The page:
Background Information: Full name, Age, Where you're from.

How long have you been cubing and how long did it take to solve your first cube?
Can you describe the setting, emotions, and thoughts at the moment you solved your first cube?
How do you challenge yourself to become a better solver?
Most memorable cube solving experience?
Can you attempt to sum up what it means to be a solver? Be as logical or abstract as your mind wants to be.
Zack Bright, 15, USA

I've been cubing for 2 years, it took me about 1 week to learn how to solve a Rubik's cube, my first solve (without help) was about 10 min. I was at home and my dad was watching me try to solve it. Once I did solve it, the feeling was the same as finishing a race or receiving a present. As soon as solved it I knew I had to do it again.

Everyone wants to become better at something. With speed solving you can watch yourself improve through times. The same feeling that I had when I first solved the cube returns to me every time I reach a goal. I always critique and analyze my solves, I try to be very strict with myself because I'm the only one to blame for my bad times =)

My most memorable experience so far was solving the cube in front of around 20 soldiers, during the whole solve I could sense there eyes following every turn I made, and when I finished everyone cheered and to have people that I respect so much think I did something awesome, felt amazing

Speed solving for me is a constant race against yourself. When I speed solve, I imagine myself as my opponent always trying to beat my previous times and abilities. Though, I wouldn't be a speed solver if I didn't enjoy it, every solve is a different challenge and a different experience. A lot of people at school identify me as the 'Rubik's cube guy' and I like that. I'ts something I'm proud of, a proof of dedication.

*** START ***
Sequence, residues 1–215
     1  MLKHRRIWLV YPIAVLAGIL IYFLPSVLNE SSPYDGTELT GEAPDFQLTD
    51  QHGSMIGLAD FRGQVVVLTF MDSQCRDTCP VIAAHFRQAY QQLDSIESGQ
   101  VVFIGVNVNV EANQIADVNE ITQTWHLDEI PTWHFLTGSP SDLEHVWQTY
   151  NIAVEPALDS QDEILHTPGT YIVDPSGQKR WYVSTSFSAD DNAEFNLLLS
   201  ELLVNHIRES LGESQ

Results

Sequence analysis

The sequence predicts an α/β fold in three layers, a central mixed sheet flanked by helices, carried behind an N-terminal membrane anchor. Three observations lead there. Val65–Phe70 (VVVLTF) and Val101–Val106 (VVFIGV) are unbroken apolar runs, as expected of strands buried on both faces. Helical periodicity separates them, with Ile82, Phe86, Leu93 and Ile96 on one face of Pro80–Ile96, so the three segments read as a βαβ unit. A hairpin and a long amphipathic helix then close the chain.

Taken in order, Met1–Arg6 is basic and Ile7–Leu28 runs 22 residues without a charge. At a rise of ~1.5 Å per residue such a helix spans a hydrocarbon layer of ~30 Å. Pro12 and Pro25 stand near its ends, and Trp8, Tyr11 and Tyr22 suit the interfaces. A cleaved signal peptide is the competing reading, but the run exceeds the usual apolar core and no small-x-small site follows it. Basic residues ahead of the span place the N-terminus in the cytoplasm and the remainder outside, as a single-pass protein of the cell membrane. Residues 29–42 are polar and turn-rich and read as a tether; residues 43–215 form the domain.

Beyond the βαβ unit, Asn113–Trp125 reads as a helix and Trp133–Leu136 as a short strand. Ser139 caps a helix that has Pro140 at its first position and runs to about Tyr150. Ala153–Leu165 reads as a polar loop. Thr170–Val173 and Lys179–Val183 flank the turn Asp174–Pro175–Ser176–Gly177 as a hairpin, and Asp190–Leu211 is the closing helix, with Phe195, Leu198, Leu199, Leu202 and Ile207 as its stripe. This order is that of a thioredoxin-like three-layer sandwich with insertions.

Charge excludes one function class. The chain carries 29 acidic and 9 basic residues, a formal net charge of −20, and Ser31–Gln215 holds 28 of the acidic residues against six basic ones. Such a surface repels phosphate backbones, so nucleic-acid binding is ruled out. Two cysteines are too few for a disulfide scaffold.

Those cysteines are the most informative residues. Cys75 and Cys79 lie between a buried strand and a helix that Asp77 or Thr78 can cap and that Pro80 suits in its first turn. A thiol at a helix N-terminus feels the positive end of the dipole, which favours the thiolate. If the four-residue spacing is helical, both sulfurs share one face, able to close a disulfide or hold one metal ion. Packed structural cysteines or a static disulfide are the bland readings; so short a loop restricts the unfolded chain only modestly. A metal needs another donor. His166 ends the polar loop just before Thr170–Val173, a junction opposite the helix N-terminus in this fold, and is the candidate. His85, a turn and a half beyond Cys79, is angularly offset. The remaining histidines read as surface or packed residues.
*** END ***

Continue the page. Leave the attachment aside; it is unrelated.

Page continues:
5. Antoine Cantin, 13, Ottawa, Canada

I've been cubing for about 2 1/2 years. I took me quite a while to learn how to solve a cube. My brother wanted to teach me how, since he could solve it, but I was not as enthusiastic as he was about solving cubes. After a lot of convincing, and teaching, I finally got it after a couple months. (without a sheet of algorithms)

I unfortunately don't remember my first solve

To become a better solver, I practice a lot, learn new algorithms, and set myself some goals.

As for my most memorable cubing experience, I would have to say when I went on TV for cubing for the first time. It was on CBC's "The National, with Peter Mansbridge". It felt awesome!

To be a speedsolver for me, is simply someone who tries to solve a cube/twisty puzzle the fastest they can!

6. Hippolyte Moreau, 16, from Nantes, France.

I practice cubing since 2008 (I start when I was 11 or 12 year old, I can't precisely remember). Once a guy of my school came with a cube, he taught it to a friend, who also taught to another, and then in a few weeks many people knew how to solve it. Soon, I wanted to be able to solve it too, and I ask my friend Antoine Piau (I mention him because he's now the third best French :-) ) to teach me. When I went back home that afternoon, I could solve a Rubik's cube. Of course it was awesome and really self-rewarding, and I was really proud, but the biggest success feeling I had after an accomplishment was one or two year after, when I could solve the first blindfolded I tried.

As many others, beat myself is my main goal in speedsolving (strictly speaking, because this hobby has many other amazing points, like meeting great people, nice and fun, from your home country and from abroad, travel, and live great experiences). For reach that goal, I train a lot, with of course periods of high-motivation and periods of low-motivation, periods of 3x3x3-obsession and periods of other event-obsession, but always by keeping in mind that I can beat myself, sometimes easily, sometimes with hard training, and also beat others (obviously still in a friendly mind).